And hardwood floors are no exception. They are quite pricey, but if you can afford them, they are definitely worth the money. The thing is, imitations are not really imitations. They may look similar, but the texture is different, floor warmth is different, even sound of footsteps is different. While it is possible to get the look of the room with hardwood floors, you don’t get the feel of the room with hardwood floors.Read More »
While searching for amazingly designed colorful apartments (and you wouldn’t believe how many of them are out there) we started to wonder: is monochrome trend really just a line of least resistance? Almost a foolproof method for good apartment design?
It may be so, but we believe that before monochrome became a thing – and we’re not talking about all black and white, we’re talking about white and warm shades of grey combined with natural finish materials – everyone was going nuts painting their walls peach*, that such drastic move needed to be done.
*You see, we try to be objective in our posts, which isn’t really a problem (nor true for that matter), because we only write about interiors we adore, but we have to say we hate peach – love the fruit hate the color.Read More »
Our college professor once told: ”I suggested my client to paint her walls gray. She said purple was her favorite color. So I suggested her to buy a purple scarf.”
One of the most common comments we receive when we say “I’m an architect.” is something like: “Oh, I would really love if you’d tell me how to paint my walls, I’m terrible at choosing colors!” Well, it is hard to choose a right color for your interior since there is no such thing as the right color.
Colors are something that should be on your mind from the beginning of the design process. Every material and piece of furniture should be chosen in relation to those colors. Simply put, the color of the walls (or floors) is not the same thing as curtains or carpets, it’s not an accessory. Color has almost the same role as interior lighting – it even affects interior lighting.Read More »
To understand the basic psychology behind interior lighting design, think about daylight. A cloudy, gray day causes people to feel listless; people feel more energetic and positive on a sunny day. That difference between dreary and bright is the quality of light. If you simply introduce general illumination into a room to permit vision, you created a cloudy day.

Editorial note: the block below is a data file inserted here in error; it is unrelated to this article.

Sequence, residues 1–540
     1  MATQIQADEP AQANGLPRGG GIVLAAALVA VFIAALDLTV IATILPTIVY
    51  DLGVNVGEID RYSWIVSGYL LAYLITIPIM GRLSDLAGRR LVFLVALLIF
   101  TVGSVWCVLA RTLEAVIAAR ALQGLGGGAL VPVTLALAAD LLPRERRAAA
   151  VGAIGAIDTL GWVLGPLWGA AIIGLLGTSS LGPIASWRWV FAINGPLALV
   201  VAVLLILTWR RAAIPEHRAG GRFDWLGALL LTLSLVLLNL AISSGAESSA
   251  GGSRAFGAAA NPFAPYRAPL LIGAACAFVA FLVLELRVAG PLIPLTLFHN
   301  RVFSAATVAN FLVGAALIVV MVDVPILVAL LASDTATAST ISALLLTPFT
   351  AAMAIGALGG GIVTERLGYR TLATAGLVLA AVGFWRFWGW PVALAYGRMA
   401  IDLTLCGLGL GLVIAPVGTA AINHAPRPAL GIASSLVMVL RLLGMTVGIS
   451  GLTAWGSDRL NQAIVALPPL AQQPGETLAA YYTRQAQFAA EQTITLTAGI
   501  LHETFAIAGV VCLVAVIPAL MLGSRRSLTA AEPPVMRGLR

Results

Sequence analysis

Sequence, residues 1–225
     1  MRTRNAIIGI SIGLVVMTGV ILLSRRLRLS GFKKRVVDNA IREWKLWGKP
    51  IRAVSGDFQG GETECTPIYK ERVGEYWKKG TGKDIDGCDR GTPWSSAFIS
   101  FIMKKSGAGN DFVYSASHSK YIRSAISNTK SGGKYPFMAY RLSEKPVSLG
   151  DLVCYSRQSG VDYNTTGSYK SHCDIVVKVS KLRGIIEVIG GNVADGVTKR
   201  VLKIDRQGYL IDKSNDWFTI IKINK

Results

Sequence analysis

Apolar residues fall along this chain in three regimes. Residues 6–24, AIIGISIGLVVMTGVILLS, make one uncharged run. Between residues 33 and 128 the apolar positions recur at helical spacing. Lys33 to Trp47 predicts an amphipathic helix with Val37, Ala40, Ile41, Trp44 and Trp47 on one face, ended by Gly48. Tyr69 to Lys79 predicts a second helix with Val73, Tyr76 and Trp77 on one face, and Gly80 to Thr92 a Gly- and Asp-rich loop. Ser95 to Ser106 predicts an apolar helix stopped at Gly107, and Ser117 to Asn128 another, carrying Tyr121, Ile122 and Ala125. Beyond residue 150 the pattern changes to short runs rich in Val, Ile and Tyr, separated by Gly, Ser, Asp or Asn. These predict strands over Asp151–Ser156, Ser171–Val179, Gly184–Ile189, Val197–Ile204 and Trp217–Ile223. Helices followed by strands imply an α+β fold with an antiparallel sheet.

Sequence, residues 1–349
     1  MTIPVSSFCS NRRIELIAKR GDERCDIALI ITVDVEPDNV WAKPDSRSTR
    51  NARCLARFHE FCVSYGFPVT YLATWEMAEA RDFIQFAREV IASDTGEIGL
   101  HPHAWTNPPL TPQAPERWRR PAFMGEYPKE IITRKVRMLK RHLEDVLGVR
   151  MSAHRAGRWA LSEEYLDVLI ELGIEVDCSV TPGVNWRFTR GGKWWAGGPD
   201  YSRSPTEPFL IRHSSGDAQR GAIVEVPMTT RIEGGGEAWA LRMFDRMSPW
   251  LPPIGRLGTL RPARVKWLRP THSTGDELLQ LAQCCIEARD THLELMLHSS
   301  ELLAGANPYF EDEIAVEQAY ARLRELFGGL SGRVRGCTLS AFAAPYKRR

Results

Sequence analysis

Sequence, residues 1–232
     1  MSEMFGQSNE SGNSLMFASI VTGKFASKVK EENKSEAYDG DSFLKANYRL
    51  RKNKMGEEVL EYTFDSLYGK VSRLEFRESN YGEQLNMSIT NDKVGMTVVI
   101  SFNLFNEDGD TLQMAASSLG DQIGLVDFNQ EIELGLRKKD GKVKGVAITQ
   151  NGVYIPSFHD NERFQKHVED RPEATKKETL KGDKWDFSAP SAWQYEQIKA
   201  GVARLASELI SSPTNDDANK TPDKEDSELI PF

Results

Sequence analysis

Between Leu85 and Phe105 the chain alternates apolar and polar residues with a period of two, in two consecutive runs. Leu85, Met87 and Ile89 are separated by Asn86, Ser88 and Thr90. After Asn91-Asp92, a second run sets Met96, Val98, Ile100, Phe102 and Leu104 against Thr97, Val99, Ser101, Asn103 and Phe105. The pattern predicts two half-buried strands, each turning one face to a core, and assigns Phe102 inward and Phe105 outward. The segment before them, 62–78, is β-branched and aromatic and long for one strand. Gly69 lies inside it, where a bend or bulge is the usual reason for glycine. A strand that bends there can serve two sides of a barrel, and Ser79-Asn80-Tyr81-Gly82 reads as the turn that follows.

That may sound bad, but the truth is this: identifying the activity that will occur in a space is the first step in lighting design process. If you’re designing space for work or learning, home office or any space for some kind of complex task, the environment should be simple. If you think about it, it is easier to work on a cloudy day because there is much less distraction.Read More »
I wouldn’t say I always used to pay attention to interiors but I have a very vivid memory of walking through my grandma’s house when I was about 4 years old, thinking: ”Why would someone glue these ugly sheets of paper on their walls?”
The house was old and the wallpapers were damaged, even peeled in corners. Not just the design, but the entire idea of using wallpapers for covering walls was outdated. I couldn’t know any of this as a four-year-old, but I was aware of the fact that wallpapers belong in grandma’s house.
Do you remember those old wallpapers? Those were the worst. However, just like any commonly used, old fashioned material, they were perfect for reinterpretation. Also, just like any blank sheet of paper, they have endless possibilities.Read More »